Dora Weithers (author) from The Caribbean on May 02, 2013:

Kasman, thanks for sharing your very personal testimony of your walk with God. You inspire me.

Kas from Bartlett, Tennessee on May 02, 2013:

I love this hub MsDora. It definitely reminds me of all the times the Lord asks me rhetorical questions to get me thinking about him instead of my navel. Whether I'm angry or frustrated, happy, or sad.....He's faithful to bring me back to what really matters! Voting this up, sharing big time!

Kas from Bartlett, Tennessee on May 02, 2013:

MsDora, I love this. One thing about it is the fact that I've heard very similar questions from the Lord in my own walk. Whenever I want to question the Lord or just converse........maybe I'm angry at times, maybe I'm needing strength, the Lord gently (most of the time) asks me a question to bring me back to keeping my eyes on him instead of looking at my navel. I'm voting this up and sharing! This made me contemplate.

Dora Weithers (author) from The Caribbean on February 12, 2013:

Kristeen, you put it very well. It's all about God's unconditional loves despite our doubts and fears. What an awesome God!

Christine from Michigan on February 11, 2013:

Great hub MsDora - very though provoking. We are all guilty of doubting God at times or thinking we know as much or more than He does. Thankfully he loves us unconditionaly and is a forgiving God.

Dora Weithers (author) from The Caribbean on January 31, 2013:

Josiejossy, we can have church anytime. Why not now? Thanks for your passionate comment.

Dora Weithers (author) from The Caribbean on January 31, 2013:

Lambservant, you got really involved. I like that! Yes, all the questions at the end of the Book of Job are meaningful, and Job's feeble responses are our thoughts exactly. Thanks!

josiejossy from Nairobi Kenya on January 30, 2013:

Waoh, saying great is understatement....mhh felt like am in a church listening to a preacher....Thanx for sharing, cldnt have imagined those were rhetoric questions.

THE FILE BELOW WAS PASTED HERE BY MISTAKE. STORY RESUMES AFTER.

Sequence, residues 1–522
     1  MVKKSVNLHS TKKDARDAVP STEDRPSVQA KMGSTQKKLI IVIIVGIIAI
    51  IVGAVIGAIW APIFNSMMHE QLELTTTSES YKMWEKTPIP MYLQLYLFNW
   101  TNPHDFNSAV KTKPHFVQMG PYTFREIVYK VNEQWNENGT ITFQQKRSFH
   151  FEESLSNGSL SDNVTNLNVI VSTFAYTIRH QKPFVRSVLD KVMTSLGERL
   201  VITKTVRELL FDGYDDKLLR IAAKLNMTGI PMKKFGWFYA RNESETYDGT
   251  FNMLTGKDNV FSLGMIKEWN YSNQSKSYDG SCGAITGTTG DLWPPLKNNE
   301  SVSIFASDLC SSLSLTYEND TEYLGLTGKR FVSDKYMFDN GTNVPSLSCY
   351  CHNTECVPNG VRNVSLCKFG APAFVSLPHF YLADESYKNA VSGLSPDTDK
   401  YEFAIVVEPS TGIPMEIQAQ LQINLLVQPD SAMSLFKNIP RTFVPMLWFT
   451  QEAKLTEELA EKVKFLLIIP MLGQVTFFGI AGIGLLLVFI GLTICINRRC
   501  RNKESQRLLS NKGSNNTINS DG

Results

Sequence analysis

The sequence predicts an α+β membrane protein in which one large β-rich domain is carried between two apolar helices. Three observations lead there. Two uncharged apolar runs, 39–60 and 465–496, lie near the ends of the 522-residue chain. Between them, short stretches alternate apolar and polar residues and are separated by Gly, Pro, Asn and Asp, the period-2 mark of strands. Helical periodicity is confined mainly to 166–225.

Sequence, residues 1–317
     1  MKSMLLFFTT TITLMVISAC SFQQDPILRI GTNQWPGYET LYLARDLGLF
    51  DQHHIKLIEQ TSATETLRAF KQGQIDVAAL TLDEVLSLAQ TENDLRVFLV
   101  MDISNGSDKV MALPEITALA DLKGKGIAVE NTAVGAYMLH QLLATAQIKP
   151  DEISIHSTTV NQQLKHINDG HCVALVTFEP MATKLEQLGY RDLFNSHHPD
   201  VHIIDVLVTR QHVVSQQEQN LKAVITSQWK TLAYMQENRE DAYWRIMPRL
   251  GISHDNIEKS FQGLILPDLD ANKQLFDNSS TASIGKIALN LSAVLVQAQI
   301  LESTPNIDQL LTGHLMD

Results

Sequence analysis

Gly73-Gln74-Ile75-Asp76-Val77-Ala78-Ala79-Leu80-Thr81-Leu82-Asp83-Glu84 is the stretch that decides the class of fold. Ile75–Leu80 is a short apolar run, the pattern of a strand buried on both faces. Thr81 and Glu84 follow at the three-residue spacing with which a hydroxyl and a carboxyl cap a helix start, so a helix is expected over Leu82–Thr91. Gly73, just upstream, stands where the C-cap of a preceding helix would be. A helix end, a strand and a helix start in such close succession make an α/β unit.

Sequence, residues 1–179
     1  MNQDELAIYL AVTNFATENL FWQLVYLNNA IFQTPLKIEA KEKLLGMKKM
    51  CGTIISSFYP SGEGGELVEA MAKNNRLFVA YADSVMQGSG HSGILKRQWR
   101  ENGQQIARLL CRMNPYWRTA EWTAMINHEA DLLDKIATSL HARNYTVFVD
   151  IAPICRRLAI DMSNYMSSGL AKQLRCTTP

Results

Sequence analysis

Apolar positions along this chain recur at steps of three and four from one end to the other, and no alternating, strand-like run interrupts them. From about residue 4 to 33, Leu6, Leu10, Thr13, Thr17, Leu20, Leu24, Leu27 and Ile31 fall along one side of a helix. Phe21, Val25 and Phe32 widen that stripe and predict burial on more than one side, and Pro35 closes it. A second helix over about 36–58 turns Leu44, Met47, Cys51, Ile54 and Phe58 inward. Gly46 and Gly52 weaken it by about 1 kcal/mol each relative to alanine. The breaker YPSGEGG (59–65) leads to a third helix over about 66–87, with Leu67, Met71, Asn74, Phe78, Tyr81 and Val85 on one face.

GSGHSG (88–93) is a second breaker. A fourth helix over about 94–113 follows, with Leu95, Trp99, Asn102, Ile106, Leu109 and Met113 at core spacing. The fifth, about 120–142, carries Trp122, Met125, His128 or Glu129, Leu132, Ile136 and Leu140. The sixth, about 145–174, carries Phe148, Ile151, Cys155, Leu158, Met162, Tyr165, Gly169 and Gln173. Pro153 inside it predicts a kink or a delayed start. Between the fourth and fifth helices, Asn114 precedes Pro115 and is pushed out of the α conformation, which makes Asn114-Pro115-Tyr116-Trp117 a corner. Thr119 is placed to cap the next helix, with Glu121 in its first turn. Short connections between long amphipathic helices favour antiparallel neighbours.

Lori Colbo from United States on January 30, 2013:

What great choices you made. God the Father and Jesus asked many rhetorical questions, but these are very powerful. Although I voted with Moses as the one I am most likely to reflect on at this moment in time, I have reflected a lot on the Job one. Those last few chapters of Job are so amazing. I love it when God says to Job,

“Who is this that questions my wisdom

with such ignorant words?

Brace yourself like a man,

because I have some questions for you,

and you must answer them.

“Where were you when I laid the foundations of the earth?

Tell me, if you know so much."

My translation would be, Okay smart guy, if you think you know it all, let me ask you a few questions. Then we'll see how smart you really are."

It's interesting to note God did this more than once. The last four chapters consists of God brining Job up short. In the end Job cries "Uncle,"

"I know that you can do anything,

and no one can stop you.

You asked, ‘Who is this that questions my wisdom with such ignorance?’

It is I—and I was talking about things I knew nothing about,

things far too wonderful for me.

You said, ‘Listen and I will speak!

I have some questions for you,

and you must answer them.’

I had only heard about you before,

but now I have seen you with my own eyes.

I take back everything I said,

and I sit in dust and ashes to show my repentance.”

Dora Weithers (author) from The Caribbean on January 30, 2013:

DDE, I agree with you. The questions do challenge our belief. Thanks!

Shofarcall, you do understand the significance of these questions. Thanks for your kind comments.

Eric, just for me too. The questions popped into my mind several times since I've written the hub. Thanks for your comment.

Eric Dierker from Spring Valley, CA. U.S.A. on January 30, 2013:

Great Hub. I just love it when Jesus asks questions of the people. Of course He knows the answer, He knows the answer He will get and He knows how He will deal with it. But He still asks the question --- just for me.

shofarcall on January 30, 2013:

Hello MsDora,

This is a hub which should drive us all to our knees in repentance. How starkly and clearly you have managed to portray 'like' questions posed by God to these 3 different, Old Testament characters. These questions have no answers from us mere mortals and silences our tongues.

I loved the pictures too. So well chosen and a delight to behold. Thank you dear sister for a pertinent look at the the magnificence and greatness of our God!

Devika Primić from Dubrovnik, Croatia on January 30, 2013:

Interesting and true the questions asked allows us to believe and learn more.

Dora Weithers (author) from The Caribbean on January 30, 2013:

Life you expressed my thoughts exactly. Thanks for your affirmation.

William Kovacic from Pleasant Gap, PA on January 30, 2013:


Thanks for making me think. God is past finding out, but His questions to those in the past help to know Him today. Great Hub!